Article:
Sunday, 22 October 2017

The Still Small Voice

The Still Small Voice

"Go out and stand before me on top of the mountain," the LORD said to him. Then the LORD passed by and sent a furious wind that split the hills and shattered the rocks---but the LORD was not in the wind. The wind stopped blowing, and then there was an earthquake---but the LORD was not in the earthquake. After the earthquake there was a fire---but the LORD was not in the fire. And after the fire there was the soft whisper of a voice. When Elijah heard it, he covered his face with his cloak and went out and stood at the entrance of the cave. A voice said to him, "Elijah, what are you doing here?"

The story of Elijah at Hebron is a fascinating one. Elijah has just defeated the priests of Baal in a contest on Mount Carmel, where they work themselves into a frenzy but no fire comes. Elijah prays and a fire appears and consumes the sacrifice. But far from victory, he is hounded by the Queen, his arrest is ordered, and he takes refuge in a cave on Mount Horeb.

In Greek mythology, the god Aiolos was the king of the winds. He was appointed by Zeus to guard the storm winds which he kept locked away inside the floating island of Aeolia, releasing them at the request of the gods to wreak their havoc. Poseidon, as well as the god of the sea, was known for causing major catastrophic events, such as floods and  earthquakes, seen as signs of his wrath. Hephaestus was the god of fire and volcanoes.

The Greeks were not alone. Most of the ancient mythologies of gods and goddesses have similar analogues. The wrath of the gods and goddesses was to be avoided, and it was best not to anger them. Rituals and sacrifices could placate them.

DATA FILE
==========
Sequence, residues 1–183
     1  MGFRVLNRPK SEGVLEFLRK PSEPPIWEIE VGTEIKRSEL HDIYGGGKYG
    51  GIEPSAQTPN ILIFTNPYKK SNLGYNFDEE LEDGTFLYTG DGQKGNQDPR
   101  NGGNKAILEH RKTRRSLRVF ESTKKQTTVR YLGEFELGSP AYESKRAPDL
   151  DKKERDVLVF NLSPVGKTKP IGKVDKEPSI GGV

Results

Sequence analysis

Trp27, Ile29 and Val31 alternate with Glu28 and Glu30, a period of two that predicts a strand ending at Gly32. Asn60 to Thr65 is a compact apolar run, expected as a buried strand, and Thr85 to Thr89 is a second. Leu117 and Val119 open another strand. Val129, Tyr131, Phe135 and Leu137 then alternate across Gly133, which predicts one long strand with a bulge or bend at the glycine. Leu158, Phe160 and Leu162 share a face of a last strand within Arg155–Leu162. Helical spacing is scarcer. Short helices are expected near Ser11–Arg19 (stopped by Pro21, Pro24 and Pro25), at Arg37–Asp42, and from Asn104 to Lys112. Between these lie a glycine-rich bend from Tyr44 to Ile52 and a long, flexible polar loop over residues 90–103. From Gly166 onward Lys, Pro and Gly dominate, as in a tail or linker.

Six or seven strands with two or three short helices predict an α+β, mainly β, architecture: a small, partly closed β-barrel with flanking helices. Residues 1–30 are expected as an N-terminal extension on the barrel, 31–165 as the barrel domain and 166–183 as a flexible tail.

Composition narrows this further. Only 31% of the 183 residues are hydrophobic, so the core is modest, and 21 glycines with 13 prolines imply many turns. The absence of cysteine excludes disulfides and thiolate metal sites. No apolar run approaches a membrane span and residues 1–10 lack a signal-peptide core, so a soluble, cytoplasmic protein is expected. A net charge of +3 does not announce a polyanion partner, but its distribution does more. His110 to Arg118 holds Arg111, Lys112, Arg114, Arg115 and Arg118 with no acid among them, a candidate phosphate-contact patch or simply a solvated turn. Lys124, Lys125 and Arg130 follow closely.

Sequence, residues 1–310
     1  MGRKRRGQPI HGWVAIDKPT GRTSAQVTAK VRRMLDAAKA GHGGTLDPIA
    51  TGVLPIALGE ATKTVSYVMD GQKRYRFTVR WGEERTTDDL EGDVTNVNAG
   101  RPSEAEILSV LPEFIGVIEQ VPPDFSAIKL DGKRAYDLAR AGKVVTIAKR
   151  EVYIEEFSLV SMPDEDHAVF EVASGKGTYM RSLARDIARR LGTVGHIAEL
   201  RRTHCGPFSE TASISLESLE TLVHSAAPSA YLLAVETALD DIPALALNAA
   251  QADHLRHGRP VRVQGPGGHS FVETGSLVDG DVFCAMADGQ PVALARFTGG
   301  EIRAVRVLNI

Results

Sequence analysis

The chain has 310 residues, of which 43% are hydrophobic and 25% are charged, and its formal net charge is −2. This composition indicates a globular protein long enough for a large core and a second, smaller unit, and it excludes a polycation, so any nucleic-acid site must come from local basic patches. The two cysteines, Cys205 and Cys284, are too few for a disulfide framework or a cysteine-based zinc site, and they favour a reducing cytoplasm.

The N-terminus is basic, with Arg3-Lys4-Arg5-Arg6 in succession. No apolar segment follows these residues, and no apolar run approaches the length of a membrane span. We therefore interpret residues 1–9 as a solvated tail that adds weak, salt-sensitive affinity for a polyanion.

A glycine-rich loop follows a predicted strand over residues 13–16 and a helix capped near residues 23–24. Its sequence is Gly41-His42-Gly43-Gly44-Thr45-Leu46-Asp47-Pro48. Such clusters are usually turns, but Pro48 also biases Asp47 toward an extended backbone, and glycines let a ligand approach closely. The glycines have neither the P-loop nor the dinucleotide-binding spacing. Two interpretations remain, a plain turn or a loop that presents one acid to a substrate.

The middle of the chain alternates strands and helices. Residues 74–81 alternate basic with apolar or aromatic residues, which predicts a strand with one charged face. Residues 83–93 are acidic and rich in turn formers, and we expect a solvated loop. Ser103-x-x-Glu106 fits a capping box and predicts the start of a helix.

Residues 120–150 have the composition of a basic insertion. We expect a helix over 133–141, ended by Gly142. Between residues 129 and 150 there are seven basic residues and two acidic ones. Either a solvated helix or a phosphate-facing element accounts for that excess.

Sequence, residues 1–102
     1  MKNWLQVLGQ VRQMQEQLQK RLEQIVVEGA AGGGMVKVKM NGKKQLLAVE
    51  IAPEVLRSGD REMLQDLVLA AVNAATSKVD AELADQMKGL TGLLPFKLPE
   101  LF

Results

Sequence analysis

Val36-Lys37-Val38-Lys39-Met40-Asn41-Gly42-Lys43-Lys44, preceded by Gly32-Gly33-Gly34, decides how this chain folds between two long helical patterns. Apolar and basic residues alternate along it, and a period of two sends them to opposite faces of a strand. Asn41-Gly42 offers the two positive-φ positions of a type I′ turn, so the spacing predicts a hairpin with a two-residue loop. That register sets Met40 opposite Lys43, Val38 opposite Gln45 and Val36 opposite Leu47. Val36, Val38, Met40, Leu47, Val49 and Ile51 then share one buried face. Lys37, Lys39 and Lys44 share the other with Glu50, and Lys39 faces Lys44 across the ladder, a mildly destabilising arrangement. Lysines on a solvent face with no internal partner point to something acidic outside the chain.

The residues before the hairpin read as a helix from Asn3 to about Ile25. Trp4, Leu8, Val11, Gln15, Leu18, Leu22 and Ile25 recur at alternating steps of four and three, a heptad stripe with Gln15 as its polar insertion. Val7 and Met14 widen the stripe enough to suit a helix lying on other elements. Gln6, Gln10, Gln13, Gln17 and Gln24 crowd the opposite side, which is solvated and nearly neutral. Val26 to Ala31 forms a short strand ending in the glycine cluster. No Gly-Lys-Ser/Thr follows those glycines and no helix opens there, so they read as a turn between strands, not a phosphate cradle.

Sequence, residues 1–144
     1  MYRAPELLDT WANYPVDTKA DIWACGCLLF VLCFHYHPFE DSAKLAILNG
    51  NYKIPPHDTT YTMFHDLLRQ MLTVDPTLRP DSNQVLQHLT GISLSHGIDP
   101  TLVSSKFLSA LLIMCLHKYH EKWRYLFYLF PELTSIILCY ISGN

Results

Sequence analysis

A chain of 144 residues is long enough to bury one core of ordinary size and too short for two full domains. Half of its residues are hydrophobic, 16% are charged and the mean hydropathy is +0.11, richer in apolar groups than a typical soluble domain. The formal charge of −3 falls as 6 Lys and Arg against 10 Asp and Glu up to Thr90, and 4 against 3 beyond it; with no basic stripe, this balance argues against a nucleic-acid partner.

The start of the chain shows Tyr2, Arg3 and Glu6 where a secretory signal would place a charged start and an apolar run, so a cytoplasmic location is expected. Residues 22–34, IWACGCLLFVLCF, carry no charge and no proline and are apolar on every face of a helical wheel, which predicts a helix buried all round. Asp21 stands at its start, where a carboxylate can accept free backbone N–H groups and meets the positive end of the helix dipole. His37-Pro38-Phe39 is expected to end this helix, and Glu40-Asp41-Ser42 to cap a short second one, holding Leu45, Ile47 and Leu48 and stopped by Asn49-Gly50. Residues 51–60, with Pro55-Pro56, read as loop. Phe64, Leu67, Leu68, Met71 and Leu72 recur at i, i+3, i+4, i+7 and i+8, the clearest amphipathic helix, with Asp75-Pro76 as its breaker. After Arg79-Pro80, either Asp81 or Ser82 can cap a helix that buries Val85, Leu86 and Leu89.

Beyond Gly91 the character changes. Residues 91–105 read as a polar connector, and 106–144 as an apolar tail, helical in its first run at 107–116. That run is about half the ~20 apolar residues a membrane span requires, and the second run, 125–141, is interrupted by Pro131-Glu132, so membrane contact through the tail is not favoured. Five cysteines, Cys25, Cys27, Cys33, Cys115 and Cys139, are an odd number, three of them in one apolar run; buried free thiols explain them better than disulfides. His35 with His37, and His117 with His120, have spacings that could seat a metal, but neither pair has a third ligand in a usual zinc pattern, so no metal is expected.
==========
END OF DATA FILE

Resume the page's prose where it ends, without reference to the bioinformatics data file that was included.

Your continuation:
By contrast, in this story, quite deliberately, God is not found in the violent savagery of nature, rending the land, but in the silence afterwards, the soft whisper of the voice. 

The story of Elijah is an attack on those who see the hand of deity, even the Jewish God, in the power of nature. That, the text indicates, is a form of idolatry, of giving over power to things which are outside out control; of trying to make sense of what may often seem random and senseless by putting it into a framework where we can control it by our understanding - by somehow placating the deity by prayers or fasts or sacrifices.

Rabbi Jonathan Sacks comments on how the story negates the triumphalistic tone of the earlier part of the story:

“In effect, God was saying to Elijah: false prophets believe in power. At Mount Carmel you showed that I am a greater power. You defeated idolatry on its own terms. That may be fine for those tempted by idolatry, but that is not who I am. The supreme power cares for the powerless. The creator of life loves life. The voice that summoned the universe into being is still and small, hardly louder than a whisper. To hear God you have to listen.”

“God is not in the fire, or the whirlwind, or the earthquake. Zealotry wins the battle but not the war. It creates fear, not love. It risks desecrating the very cause it seeks to sanctify. Faith speaks in an altogether different voice, urging us, in Robert Kennedy’s fine phrase, to ‘tame the savageness of man and make gentle the life of this world’.”

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